It was morning, as I write this. People often ask how a columnist finds ideas about which to write. If that columnist has children, ideas find him.
I was preparing to eat a hard-boiled egg. I understand the odd reactions I am liable to receive over what I write next: When doing so, I no longer use salt; I use hot sauce.
For starters, I like hot sauce on most everything. My refrigerator will never have less than a dozen assorted bottles of sweat-inducing, tastebud-tempting bottles at a time.
My usage of hot sauce on boiled eggs, though, is a recent thing. So much so that my oldest daughter, a very sensible sort, gasped in horror when she saw what I was doing.
"Mom!" she said in disbelief. "Why is Dad putting hot sauce on his boiled egg?"
I do not know why they always ask their mother these questions. We have been married for almost 22 years, and she is still normally as surprised as they are over my various oddities. On this occasion, though, she actually did know the answer.
"He is not using salt anymore; he wants to keep his blood pressure low."
Without so much as split second of hesitation, my daughter asked, "Then why did he have kids?"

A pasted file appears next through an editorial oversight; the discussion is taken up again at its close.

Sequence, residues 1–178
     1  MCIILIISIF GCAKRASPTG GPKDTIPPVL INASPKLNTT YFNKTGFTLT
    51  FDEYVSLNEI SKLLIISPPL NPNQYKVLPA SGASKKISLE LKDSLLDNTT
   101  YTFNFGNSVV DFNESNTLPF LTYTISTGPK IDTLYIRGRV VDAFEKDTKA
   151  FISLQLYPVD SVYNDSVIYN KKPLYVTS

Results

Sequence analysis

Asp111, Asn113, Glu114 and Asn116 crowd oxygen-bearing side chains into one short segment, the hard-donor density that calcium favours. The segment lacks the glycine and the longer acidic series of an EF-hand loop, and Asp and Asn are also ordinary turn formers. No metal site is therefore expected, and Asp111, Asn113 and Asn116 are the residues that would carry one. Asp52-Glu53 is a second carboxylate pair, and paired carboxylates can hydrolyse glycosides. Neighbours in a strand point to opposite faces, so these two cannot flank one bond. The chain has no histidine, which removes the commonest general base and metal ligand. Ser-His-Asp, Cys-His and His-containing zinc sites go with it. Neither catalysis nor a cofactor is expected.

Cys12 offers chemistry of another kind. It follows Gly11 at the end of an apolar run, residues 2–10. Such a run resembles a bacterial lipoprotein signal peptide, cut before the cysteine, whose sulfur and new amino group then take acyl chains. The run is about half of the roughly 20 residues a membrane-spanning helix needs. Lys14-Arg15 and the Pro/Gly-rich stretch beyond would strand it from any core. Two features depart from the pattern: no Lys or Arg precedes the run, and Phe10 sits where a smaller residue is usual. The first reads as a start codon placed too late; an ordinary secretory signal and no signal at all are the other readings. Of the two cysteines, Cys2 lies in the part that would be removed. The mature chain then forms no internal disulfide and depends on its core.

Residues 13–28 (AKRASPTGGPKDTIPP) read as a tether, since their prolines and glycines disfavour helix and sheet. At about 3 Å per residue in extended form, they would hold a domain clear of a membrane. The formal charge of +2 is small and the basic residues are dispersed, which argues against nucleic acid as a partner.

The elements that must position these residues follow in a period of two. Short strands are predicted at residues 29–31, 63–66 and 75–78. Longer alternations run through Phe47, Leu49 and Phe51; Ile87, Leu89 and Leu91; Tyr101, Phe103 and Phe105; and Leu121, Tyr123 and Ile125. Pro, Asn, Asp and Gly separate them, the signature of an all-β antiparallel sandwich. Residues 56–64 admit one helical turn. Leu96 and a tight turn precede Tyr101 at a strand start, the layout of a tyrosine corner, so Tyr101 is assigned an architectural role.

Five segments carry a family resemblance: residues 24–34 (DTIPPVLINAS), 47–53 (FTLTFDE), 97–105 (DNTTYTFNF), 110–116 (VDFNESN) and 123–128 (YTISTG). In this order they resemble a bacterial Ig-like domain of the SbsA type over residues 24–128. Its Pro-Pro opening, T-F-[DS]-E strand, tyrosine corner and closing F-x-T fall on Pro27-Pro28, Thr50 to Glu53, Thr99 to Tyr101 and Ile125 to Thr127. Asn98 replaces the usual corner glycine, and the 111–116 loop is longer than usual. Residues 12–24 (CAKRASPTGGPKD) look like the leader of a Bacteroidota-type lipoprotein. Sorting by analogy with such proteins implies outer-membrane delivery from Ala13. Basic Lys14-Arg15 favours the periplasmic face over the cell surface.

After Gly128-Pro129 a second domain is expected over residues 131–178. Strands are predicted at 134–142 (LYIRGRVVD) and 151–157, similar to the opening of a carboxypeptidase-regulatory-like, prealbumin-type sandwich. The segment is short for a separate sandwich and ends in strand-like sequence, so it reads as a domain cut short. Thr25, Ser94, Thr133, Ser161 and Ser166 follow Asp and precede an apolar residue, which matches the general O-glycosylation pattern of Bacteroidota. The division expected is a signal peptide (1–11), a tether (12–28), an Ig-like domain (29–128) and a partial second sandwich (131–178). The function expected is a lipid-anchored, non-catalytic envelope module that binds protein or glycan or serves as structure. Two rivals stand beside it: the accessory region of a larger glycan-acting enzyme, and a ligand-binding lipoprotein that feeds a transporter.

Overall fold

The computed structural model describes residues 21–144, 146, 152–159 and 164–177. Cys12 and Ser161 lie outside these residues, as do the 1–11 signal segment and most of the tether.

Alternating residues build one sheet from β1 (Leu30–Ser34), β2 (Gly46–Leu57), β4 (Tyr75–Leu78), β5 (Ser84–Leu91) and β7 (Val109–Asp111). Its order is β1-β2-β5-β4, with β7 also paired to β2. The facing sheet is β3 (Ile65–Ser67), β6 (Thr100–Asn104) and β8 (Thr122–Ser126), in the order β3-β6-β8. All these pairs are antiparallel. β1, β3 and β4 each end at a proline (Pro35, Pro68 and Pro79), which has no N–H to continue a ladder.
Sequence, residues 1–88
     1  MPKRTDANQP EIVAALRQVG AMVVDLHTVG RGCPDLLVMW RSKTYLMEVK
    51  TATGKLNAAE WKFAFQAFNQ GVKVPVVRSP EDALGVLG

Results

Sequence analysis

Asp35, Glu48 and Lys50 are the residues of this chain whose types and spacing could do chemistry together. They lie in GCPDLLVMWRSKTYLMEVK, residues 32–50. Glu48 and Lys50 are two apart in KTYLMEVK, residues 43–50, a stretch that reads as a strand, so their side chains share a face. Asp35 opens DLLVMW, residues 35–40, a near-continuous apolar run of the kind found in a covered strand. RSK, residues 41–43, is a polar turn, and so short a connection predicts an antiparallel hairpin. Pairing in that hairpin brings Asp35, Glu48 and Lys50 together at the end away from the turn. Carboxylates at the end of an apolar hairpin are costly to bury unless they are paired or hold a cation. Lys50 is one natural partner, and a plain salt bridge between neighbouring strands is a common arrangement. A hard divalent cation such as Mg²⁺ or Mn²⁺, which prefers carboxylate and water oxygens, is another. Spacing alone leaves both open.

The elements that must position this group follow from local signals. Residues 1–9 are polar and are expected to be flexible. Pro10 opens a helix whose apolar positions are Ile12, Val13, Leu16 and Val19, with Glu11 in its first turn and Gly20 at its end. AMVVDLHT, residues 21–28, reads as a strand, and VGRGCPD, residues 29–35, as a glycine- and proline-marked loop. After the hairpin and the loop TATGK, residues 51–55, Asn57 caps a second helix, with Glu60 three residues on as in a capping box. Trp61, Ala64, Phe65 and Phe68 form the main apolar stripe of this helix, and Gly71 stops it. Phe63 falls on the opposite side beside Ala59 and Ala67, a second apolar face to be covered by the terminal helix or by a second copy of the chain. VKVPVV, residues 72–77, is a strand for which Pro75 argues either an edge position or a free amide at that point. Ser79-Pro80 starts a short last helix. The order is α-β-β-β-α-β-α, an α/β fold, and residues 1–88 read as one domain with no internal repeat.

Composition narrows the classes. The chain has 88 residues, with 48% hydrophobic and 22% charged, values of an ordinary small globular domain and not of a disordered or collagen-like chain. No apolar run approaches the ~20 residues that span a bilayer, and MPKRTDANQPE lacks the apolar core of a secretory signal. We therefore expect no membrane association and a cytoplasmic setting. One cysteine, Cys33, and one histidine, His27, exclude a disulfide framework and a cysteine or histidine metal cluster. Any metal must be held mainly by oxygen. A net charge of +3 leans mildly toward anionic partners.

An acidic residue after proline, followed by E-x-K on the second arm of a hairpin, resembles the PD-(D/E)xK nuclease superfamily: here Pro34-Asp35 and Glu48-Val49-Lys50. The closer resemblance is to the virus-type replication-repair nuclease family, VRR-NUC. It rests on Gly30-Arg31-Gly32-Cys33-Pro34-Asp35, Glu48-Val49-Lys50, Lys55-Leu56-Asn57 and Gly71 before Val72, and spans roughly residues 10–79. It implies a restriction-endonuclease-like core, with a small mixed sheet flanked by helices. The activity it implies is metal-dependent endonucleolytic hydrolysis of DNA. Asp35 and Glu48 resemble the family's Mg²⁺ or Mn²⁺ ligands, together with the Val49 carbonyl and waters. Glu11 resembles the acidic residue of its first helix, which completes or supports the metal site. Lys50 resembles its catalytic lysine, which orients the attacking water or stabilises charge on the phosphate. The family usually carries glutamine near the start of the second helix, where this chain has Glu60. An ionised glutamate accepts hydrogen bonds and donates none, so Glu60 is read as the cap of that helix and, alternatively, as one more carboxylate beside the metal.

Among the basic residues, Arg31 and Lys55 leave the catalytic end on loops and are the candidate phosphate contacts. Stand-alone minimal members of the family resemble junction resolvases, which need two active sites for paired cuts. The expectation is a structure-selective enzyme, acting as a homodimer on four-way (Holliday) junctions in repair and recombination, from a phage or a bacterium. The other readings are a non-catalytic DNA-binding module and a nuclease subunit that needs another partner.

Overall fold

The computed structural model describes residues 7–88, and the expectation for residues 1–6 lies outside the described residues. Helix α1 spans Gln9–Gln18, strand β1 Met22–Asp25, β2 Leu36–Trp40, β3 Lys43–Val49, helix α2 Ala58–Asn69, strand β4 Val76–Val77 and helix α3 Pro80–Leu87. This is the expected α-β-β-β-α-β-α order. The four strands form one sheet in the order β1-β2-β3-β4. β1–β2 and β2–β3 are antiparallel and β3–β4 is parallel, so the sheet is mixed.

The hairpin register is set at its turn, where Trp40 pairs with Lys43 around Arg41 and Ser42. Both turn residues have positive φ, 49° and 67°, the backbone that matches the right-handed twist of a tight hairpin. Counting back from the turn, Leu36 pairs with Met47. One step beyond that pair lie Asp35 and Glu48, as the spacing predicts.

As expected, we all enjoyed a massive laugh over that unexpected question. But the question itself does lend itself to a bit of introspection. It is quite possible to prevent the production of children, so why do people have them? As my daughter so honestly observed, they raise the blood pressure of their parents, they are expensive (I am sitting in my son's orthodontist's office as I write this) and they take 18-plus years of non-stop, you-dare-not-turn-your-back-for-even-a-moment kind of attention.
So why? Why have children?
There are obviously many answers that could be given. Having children is among the greatest expressions of love that marriage produces. Having children provides for amazing fun and the love of family. Having children ensures that a piece of you and your spouse will live on. Having children lends itself to the possibility of grandchildren.
But for me, having children has another level of significance. Nearly 2,000 years ago, the aged apostle John said this in 3 John 1:4, " I have no greater joy than to hear that my children walk in truth."
That can apply to spiritual children or physical and, as a father, I really do have no greater joy. When I observe my daughters playing the piano and singing in church, when I see my son hiding in a corner playing the bass guitar, when I listen to them testify of God's goodness, when I hear them pray from the very depths of their hearts, I know why I had children.
These precious, awkward works in progress love the Lord dearly. They have all prayed and asked the Lord to save them. We as a family often speak of heaven and how amazing it will be to spend eternity together. What a great reason to have children.
Well, the orthodontist just spoke to me. We will now be referred to an oral surgeon. I need more hot sauce
Bo Wagner is pastor of the Cornerstone Baptist Church of Mooresboro, N.C., and the author of several books available at www.wordofhismouth.com. Contact him at firstname.lastname@example.org.